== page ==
When I first met Ann she was a property manager working for a franchised group. I was extremely impressed with her ability to relate to people of all levels and backgrounds. I was also impressed with her level of knowledge and understanding of the real estate industry but more importantly her knowledge and understanding of property management. Over the years she has guided me with my investments and seen that those investments gave me good... Linda Ferguson
Many people will probably have seen a story on one of those nightly current affair programs exposing the unscrupulous behaviour of a landlord who refuses to comply with their obligations to make the necessary repairs in regards to a rental property. However, allow us to take a moment to make the point that we’re not for one moment suggesting that all landlords are immoral, nor are we saying that all tenants are angelic. There are many shades of grey – but with that being said – landlords do have an obligation to keep the premises in a reasonable state of repair and fit for its designated purpose, which may be an issue that many tenants may experience from time to time.
The obligation to keep the premises in a reasonable state of repair
All States and Territories have laws in place which require lessors (landlords) to keep property in reasonable shape, and using s 72(2) of Queensland’s Residential Tenancies Act 1997 as our example, the landlord at the start of a tenancy must ensure:
the premises and inclusions are clean;
the premises are fit for the tenant to live in;
the premises and inclusions are in good repair;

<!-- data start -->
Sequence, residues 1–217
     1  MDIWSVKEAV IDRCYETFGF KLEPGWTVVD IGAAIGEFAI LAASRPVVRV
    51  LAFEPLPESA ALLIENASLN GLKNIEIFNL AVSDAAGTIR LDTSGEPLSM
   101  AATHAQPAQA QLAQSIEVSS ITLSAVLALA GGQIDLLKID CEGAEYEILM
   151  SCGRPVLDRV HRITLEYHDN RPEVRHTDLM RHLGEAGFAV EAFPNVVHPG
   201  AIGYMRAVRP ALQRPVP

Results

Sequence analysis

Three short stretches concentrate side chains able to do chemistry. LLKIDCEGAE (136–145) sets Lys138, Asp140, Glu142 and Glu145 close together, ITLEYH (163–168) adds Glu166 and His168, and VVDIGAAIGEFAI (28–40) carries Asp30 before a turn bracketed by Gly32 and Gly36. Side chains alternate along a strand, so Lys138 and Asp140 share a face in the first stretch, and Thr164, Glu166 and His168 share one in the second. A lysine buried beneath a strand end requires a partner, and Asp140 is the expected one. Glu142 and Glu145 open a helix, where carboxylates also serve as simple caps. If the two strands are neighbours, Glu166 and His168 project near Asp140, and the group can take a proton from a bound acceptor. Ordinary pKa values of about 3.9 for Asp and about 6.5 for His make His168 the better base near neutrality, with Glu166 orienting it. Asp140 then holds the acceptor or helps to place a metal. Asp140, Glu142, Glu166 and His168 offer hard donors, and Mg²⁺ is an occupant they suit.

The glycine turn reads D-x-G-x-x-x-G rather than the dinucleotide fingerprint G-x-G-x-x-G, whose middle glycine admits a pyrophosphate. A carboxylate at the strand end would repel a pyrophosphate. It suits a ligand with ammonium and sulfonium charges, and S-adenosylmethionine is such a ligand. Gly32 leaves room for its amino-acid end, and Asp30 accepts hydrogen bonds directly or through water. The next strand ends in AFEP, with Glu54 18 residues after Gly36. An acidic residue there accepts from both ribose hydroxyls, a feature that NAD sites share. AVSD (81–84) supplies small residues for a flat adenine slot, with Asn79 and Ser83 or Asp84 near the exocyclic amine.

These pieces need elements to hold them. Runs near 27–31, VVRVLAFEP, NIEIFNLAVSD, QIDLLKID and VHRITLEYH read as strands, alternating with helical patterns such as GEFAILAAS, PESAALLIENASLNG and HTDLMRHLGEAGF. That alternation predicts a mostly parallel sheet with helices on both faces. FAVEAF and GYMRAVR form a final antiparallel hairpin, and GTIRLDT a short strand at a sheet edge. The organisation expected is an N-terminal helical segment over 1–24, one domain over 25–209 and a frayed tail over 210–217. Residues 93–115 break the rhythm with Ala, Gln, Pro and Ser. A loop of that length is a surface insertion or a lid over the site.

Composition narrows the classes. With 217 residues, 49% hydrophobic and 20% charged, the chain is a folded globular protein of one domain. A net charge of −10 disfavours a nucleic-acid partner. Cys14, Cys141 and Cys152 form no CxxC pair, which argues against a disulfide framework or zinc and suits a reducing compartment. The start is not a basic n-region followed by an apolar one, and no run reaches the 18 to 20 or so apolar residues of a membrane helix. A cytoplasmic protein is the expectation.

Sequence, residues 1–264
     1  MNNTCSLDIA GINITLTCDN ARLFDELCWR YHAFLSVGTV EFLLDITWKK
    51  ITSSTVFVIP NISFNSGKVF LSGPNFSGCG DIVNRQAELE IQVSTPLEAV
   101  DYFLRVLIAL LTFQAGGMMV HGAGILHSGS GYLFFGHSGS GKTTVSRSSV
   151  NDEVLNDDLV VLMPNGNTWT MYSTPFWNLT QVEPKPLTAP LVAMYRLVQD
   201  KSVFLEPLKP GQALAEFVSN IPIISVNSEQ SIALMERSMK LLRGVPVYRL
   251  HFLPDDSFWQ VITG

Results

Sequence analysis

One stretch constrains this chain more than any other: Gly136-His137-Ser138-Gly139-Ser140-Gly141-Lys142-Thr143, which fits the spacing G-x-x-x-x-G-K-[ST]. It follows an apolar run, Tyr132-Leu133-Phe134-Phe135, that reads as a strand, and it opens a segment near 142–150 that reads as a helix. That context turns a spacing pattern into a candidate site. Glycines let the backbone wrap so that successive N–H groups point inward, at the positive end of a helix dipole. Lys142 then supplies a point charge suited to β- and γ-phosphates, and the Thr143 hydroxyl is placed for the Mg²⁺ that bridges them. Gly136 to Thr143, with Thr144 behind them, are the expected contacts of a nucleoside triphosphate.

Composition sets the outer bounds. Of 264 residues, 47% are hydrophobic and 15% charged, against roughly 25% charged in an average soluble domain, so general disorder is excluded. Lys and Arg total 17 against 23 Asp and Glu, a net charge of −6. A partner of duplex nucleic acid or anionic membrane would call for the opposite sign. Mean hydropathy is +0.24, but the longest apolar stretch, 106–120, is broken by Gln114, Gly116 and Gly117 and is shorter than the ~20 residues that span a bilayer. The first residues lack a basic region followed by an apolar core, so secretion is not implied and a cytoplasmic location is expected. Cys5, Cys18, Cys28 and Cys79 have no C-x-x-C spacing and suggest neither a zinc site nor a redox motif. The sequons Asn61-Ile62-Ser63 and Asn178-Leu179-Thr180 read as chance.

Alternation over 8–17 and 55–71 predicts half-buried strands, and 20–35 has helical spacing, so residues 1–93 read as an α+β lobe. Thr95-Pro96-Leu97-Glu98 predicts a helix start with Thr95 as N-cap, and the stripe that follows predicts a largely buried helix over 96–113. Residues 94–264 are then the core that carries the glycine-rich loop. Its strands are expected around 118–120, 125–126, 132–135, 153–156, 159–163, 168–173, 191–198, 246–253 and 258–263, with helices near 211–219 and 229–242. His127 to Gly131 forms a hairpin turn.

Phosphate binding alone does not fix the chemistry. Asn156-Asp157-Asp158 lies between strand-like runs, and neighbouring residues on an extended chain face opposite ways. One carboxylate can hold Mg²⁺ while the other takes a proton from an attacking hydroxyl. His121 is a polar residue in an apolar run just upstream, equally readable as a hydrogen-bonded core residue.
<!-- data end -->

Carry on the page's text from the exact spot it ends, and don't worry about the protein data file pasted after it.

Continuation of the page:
the lessor is not in breach of a law dealing with issues about health and safety of persons using or entering the premises.
Section 72(3) of the Queensland Act further requires while a tenancy continues, that the lessor:
maintain the premises in a way that remains fit for a person to live in;
must maintain the premises and inclusions in good repair;
ensure any law dealing with issues about health or safety of persons using or entering the premises is complied with;
any common area must be kept clean.
Turning to case law, in the matter of Proudfoot v Hart (1890) 25 QBD, 42, the Queen’s Bench stated that keeping a premises in a reasonable state of repair, such repairs will “… have regard to the age, character and locality of the house, would make it reasonably fit for the occupation of a reasonably minded tenant of the class who would be likely to take it…”
What happens if a repair is urgent and the tenant is required to pay?
There’ll of course be circumstances where repairs are urgently required and there is no choice but for a tenant to arrange for repairs to be made immediately. Looking towards s 72 of Victoria’s Residential Tenancies Act 1997 for example, a tenant may arrange for urgent repairs to be carried out to the rented property if the tenant:
has taken reasonable steps to arrange for the landlord or the landlord’s agent to immediately carry out the repairs; and
is unable to get the landlord or agent to carry out the repairs.
If a tenant does have to use their own money in undertaking any urgent repairs, in New South Wales and Victoria, tenants can be reimbursed for up to $1000 or such other prescribed amount, and within 14 days, must provide written notice to the landlord about the costs associated in organising for the urgent repairs to be undertaken.
This piece is only a general overview of the laws regarding rental properties and if you do need assistance with any tenancy matter, please seek the help of a lawyer who will be able to help